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The Versatility Of Pallets Revealed

Our timber department experts at Holmes Mann are always expecting the unexpected when it comes to designing and manufacturing bespoke palleting solutions. Whether we are called on to design and create a complete system to transport vital oil rig components or racing car parts, we have the expertise and know-how to deliver every time.


This is why we are never surprised when we hear how pallets are being used and never question the versatility that they can offer when it comes to transporting different goods. You, however, may be astounded by some of the jobs pallets have carried out in recent weeks.

Holding ‘Ransom’ Cash

The Wall Street Journal has just reported that Barack Obama’s administration was behind the secret airlifting of $400 million to Iran on the same day that four Americans being held prisoner in the country were released. The cash, in euros and other currencies, including Swiss francs, was stacked in wooded pallets.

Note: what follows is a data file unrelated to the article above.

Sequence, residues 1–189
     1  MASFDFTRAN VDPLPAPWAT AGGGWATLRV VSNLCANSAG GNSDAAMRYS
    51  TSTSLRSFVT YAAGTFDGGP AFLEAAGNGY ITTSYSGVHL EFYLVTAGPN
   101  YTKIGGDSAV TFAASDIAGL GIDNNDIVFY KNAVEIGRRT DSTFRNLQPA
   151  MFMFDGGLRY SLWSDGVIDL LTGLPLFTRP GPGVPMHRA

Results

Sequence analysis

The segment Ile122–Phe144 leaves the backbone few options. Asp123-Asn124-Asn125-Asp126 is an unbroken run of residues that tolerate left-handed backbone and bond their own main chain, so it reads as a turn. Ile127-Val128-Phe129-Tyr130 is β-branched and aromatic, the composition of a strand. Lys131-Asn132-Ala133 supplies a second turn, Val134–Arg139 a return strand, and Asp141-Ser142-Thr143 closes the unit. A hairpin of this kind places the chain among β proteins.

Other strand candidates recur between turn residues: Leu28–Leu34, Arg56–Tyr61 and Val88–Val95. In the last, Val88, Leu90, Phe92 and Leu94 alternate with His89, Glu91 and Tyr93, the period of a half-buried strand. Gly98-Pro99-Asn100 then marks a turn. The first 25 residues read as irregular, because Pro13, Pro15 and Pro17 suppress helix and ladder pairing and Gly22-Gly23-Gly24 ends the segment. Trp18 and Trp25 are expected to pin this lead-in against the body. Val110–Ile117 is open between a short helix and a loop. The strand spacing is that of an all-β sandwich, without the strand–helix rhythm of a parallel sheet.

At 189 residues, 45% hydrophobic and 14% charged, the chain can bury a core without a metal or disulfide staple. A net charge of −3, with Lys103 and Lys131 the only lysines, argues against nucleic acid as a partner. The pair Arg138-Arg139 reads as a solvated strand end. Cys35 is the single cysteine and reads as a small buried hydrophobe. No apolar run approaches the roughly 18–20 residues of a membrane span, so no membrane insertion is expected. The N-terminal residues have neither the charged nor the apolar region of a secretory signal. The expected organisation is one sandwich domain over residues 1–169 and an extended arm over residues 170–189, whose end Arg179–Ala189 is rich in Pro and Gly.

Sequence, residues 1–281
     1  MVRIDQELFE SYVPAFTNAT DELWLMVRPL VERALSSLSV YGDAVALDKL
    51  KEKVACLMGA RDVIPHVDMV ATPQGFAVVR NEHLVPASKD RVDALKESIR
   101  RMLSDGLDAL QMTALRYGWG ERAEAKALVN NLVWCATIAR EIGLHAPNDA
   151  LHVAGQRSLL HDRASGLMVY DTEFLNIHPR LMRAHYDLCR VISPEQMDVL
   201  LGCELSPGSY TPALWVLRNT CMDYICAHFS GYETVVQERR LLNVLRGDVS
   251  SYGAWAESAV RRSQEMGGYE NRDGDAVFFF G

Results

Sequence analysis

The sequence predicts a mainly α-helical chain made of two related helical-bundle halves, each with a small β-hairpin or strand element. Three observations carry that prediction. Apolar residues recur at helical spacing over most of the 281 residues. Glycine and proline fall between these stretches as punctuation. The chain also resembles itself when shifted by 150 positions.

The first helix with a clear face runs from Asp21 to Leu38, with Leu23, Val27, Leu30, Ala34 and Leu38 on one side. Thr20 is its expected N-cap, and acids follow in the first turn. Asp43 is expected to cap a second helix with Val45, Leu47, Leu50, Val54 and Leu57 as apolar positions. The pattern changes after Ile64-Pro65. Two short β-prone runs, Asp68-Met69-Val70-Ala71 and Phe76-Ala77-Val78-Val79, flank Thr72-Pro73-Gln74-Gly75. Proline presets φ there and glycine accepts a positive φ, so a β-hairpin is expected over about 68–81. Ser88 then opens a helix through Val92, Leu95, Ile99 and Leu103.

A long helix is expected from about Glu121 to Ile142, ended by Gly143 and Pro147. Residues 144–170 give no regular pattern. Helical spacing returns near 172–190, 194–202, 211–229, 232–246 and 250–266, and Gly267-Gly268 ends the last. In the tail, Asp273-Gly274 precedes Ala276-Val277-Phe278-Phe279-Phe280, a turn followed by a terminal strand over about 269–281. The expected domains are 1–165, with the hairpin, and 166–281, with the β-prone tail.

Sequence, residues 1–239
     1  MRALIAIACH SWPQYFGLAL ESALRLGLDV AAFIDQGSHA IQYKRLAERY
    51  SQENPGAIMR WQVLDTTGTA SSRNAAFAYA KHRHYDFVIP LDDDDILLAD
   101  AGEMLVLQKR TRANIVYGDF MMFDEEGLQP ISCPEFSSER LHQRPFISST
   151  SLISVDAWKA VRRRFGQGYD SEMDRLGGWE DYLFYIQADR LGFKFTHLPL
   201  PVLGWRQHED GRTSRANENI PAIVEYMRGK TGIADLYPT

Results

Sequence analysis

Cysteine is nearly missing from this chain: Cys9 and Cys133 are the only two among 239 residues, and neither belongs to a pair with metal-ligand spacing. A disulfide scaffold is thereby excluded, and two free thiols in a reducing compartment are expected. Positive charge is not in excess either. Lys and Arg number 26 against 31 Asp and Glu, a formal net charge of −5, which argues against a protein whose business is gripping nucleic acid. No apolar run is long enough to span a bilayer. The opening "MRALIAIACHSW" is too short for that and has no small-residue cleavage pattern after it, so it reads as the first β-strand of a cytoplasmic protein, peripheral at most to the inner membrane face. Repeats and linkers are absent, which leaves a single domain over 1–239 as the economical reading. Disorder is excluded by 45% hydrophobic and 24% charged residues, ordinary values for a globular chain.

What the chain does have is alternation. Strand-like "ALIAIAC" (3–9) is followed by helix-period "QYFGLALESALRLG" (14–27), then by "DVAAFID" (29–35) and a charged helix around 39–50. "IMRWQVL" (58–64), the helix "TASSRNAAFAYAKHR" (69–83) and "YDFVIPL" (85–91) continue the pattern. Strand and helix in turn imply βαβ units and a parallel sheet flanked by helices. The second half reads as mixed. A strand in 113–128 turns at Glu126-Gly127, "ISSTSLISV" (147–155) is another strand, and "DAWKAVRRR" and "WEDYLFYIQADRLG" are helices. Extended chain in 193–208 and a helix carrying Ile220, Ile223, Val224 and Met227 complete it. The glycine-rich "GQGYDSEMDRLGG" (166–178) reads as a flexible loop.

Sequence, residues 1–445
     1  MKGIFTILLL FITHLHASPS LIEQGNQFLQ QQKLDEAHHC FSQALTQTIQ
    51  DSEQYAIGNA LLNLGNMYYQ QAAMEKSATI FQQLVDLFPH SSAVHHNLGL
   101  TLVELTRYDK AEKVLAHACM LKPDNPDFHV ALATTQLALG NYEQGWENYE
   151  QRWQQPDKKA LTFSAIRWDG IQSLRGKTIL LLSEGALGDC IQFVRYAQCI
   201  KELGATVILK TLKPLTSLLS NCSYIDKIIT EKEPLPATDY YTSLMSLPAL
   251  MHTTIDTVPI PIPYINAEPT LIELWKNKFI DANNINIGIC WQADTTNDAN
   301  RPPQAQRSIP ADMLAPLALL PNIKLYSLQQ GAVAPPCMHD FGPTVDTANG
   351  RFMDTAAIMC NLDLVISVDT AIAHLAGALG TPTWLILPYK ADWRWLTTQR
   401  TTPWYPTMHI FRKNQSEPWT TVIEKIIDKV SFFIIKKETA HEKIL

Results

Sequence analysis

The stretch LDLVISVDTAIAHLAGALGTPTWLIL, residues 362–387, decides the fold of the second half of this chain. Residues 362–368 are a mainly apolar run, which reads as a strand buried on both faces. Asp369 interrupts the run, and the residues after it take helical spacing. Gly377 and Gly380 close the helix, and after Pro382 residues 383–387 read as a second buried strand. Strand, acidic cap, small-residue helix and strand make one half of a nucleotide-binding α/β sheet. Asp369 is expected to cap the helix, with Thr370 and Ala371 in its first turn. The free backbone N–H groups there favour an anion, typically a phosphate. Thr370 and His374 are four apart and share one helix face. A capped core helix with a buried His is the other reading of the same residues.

The American administration deny that they paid a ransom to Iran. Senior officials have said that there was no link between the hostage release and the cash. What isn’t in doubt, however, is that pallets are great for carrying high-value loads!

Transporting Olympic Horses

The end of July saw the first flight take off from Stanstead to transport horses to the Olympics in Rio de Janeiro. The 34 eventing horses made the journey in customised pallets on board an Emirates SkyCargo flight.

The 12-hour journey was the first in a series of flights that will see the delivery of nine shipments of horses. The total number to arrive at Rio International Airport is expected to exceed 200. The horses will then travel to Deodoro’s Olympic Equestrian Centre.

The first flight carried ‘palletised’ horses from ten different countries. The nations involved were the UK, Canada, Ireland, New Zealand, Australia, Brazil, Zimbabwe, China, Italy and Japan.

Carrying Bricks for a Robot

Pallets were used to carry bricks to be picked up and used by a housebuilding robot. Hadrian X, the brainchild of Australia’s Fastbrick Robotics Limited, is said to lay up to 1,000 bricks an hour and can reportedly build a complete house in just two days.

It is claimed that Hadrian X can move four times as fast as humans. Better still – for construction bosses, at least – the robot doesn’t ever need to eat, sleep or go on holiday!

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